You should be healthy. You should be successful. You should be the best you can be, achieving great things for yourself and those important to you. But are you?
In a society full of positive messages, aggressively demanding that you be amazing, there is a growing trend to accept mediocrity. Or even worse, be a loser. This is not acceptable. You should be striving for glory. You should be working on something bigger than yourself, something that gives your life meaning and makes you a better than you were yesterday.
That can mean pursuing a great career. That can mean raising kids that will one day rule the world. That can mean building the next world-changing app. Or setting a new physical feat in sports. Or even simply getting those washboard abs.
Whatever it is, you shouldn’t settle for second best. Yet there are forces in our society, many of which are political, that are telling you it’s bad to be great. Those forces (blogs, magazines, movies, or political parties) don’t really care about your success or well-being. In fact, they end up better off if you’re a failure. Better yet, they will do even better (in the short term) if you don’t even try.
But you should try. You deserve better than those hacks.
Full disclosure, I don’t look like this:
But nor do I look like this:
I guess you can say I’m somewhere in between. And while I cannot control the hand genetics have played me, there is a great deal I can do to improve myself. Years ago, I was turned onto the Slow Carb Diet, from the book The 4 Hour Body, by Tim Ferris. The advice and tips in that book have helped me lose considerable weight and get into relatively good shape.
I don’t have washboard abs yet, but I’m much closer than I was before.
The path that helped me lose weight and feel better about myself (including dropping to a 30 jean size) was pretty straightforward. It didn’t involve radical investment on my part. Yet it did require some effort. There were set backs and times of frustration. I had to make sacrifices, put up with criticism (from myself and others), and remind myself—sometimes daily—of why I was doing it.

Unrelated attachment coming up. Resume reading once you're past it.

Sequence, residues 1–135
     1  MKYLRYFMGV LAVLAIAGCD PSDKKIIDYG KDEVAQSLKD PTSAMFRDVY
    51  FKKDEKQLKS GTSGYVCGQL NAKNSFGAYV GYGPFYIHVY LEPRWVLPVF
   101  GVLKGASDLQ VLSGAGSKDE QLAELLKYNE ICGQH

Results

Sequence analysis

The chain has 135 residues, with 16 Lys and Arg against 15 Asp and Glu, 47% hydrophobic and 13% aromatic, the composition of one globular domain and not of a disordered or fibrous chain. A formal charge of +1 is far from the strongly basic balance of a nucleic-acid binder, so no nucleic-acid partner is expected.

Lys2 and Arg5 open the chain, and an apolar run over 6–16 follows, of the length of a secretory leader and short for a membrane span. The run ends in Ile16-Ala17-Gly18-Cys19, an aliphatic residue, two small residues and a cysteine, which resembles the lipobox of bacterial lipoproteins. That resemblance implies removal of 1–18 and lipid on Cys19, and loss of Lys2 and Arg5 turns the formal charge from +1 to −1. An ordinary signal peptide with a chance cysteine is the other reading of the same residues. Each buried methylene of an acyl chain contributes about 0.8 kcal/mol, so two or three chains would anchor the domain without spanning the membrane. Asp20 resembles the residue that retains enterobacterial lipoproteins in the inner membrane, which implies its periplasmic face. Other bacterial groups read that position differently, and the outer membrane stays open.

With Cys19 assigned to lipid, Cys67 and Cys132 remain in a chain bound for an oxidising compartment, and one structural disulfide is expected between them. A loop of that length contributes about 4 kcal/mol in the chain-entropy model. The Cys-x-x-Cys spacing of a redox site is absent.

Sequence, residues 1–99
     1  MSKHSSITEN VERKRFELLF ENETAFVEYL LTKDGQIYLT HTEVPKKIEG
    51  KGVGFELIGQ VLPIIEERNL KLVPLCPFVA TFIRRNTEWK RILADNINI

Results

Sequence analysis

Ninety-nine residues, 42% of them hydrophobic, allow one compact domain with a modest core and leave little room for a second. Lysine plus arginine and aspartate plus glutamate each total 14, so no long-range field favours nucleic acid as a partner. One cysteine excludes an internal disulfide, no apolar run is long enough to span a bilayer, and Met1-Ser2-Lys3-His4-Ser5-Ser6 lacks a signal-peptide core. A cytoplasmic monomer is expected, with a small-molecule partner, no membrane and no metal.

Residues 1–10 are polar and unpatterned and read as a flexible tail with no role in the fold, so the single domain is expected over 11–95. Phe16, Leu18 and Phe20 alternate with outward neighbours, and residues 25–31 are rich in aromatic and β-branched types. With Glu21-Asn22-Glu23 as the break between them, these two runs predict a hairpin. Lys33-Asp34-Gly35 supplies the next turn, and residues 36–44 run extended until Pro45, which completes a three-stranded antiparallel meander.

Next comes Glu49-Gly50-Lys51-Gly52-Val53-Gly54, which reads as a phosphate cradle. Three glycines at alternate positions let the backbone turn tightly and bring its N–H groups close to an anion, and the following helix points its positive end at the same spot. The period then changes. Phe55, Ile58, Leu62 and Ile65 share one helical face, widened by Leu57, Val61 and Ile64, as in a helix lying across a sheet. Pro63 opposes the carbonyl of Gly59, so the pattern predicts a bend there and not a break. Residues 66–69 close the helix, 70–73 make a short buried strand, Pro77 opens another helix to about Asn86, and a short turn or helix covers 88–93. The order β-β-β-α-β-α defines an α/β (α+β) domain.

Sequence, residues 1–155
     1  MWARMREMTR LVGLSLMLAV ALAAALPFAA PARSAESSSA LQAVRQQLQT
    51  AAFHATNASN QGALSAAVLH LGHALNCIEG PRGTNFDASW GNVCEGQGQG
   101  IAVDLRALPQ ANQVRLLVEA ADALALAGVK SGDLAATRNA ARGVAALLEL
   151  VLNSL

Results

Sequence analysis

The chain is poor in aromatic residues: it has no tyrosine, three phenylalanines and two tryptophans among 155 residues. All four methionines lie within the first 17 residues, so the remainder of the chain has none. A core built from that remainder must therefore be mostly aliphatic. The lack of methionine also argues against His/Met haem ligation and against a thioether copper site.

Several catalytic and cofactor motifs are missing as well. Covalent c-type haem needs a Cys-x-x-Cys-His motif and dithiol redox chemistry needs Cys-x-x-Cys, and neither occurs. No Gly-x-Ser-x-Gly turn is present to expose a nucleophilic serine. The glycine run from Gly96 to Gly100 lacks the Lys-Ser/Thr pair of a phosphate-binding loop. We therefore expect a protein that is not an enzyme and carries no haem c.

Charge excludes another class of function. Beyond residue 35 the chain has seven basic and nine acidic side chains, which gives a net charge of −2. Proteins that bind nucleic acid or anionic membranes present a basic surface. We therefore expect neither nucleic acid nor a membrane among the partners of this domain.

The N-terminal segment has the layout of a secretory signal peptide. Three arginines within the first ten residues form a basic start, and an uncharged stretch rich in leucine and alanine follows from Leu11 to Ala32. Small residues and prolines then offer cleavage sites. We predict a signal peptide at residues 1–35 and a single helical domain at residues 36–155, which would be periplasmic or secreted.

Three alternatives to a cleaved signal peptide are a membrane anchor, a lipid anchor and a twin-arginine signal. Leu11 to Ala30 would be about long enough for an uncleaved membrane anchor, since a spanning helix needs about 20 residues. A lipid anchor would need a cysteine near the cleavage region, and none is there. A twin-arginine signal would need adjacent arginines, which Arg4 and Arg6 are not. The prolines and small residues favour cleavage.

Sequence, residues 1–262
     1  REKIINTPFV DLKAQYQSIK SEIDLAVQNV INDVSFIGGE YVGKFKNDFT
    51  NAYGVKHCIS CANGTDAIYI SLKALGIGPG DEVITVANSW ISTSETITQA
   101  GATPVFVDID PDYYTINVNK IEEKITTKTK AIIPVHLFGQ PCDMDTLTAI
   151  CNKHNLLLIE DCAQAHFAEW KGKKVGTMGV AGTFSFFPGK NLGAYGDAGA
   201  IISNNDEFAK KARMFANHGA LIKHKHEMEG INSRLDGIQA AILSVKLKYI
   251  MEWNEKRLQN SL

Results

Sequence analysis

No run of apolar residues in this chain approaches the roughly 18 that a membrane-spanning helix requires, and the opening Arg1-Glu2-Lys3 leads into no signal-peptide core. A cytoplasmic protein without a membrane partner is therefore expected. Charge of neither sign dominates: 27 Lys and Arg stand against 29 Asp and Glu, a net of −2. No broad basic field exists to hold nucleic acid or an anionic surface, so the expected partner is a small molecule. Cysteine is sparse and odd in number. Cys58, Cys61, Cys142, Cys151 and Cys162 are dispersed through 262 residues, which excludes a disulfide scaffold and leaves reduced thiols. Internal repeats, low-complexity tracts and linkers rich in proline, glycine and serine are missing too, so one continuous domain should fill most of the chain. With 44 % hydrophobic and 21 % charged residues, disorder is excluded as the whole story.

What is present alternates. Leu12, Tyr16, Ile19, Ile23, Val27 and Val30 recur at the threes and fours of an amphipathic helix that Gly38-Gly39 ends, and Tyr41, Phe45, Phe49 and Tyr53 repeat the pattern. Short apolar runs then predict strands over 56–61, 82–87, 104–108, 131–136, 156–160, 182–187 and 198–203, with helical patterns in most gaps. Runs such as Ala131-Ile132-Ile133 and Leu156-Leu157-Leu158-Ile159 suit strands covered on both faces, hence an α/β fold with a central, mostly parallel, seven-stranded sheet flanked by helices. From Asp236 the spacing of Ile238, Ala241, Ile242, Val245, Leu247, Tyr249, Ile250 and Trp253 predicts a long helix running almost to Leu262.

Boiling it all down: it was hard. And nobody was trying to make it easier for me (except for Tim, maybe, who wrote the book).
This is true of all goals. Nobody is going to hand you a victory. Even in a culture that tries to “level the playing field” for minorities and ever-shrinking, intersectional groups, you’re still going to have to bust your ass to make it.
Do you think it’s going to be easy to achieve a dream, even in a society that props up your race, gender, or sexuality? Welcome to the real world. There are literally millions of people like you after the same thing. The competition is intense, there will be more rejections than hits, and there will be precious few who come along to help you.
It’s remarkably easy to give up, settle in on the couch, smoke that joint, and collect your Welfare check.
But don’t do it.
The people who accomplish great things in this world are those that made incredible sacrifices. They weren’t great people, in and of themselves. Sometimes, they weren’t even good people. What separated them from everyone else was their dogged determination. Or their high standards of excellence. Or their foolish notion that they could make it happen.
Sure, some people have it easier, like Michael Phelps being born with a swimmer’s body. But if he didn’t put in the simply stupid amount of hours required to train on an Olympic level, he would have just been another weirdly tall guy.
You can have all the privileges in the world and still fail. Or you can be faced with serious challenges, some of them truly unjust, and still succeed.